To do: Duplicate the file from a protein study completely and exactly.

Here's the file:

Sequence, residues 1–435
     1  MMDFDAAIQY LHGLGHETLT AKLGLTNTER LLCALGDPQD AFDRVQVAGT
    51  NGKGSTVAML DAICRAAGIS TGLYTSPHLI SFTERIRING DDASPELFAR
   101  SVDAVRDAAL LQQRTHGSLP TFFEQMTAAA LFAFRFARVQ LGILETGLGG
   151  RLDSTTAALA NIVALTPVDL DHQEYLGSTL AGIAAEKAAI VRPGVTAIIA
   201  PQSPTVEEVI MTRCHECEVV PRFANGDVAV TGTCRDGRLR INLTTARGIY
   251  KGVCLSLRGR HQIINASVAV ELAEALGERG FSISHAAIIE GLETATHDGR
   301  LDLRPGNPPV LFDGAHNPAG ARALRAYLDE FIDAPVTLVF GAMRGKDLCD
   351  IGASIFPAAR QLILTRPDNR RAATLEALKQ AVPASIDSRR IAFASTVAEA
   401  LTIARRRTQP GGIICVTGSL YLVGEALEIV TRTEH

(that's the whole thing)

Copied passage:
Sequence, residues 1–435
     1  MMDFDAAIQY LHGLGHETLT AKLGLTNTER LLCALGDPQD AFDRVQVAGT
    51  NGKGSTVAML DAICRAAGIS TGLYTSPHLI SFTERIRING DDASPELFAR
   101  SVDAVRDAAL LQQRTHGSLP TFFEQMTAAA LFAFRFARVQ LGILETGLGG
   151  RLDSTTAALA NIVALTPVDL DHQEYLGSTL AGIAAEKAAI VRPGVTAIIA
   201  PQSPTVEEVI MTRCHECEVV PRFANGDVAV TGTCRDGRLR INLTTARGIY
   251  KGVCLSLRGR HQIINASVAV ELAEALGERG FSISHAAIIE GLETATHDGR
   301  LDLRPGNPPV LFDGAHNPAG ARALRAYLDE FIDAPVTLVF GAMRGKDLCD
   351  IGASIFPAAR QLILTRPDNR RAATLEALKQ AVPASIDSRR IAFASTVAEA
   401  LTIARRRTQP GGIICVTGSL YLVGEALEIV TRTEH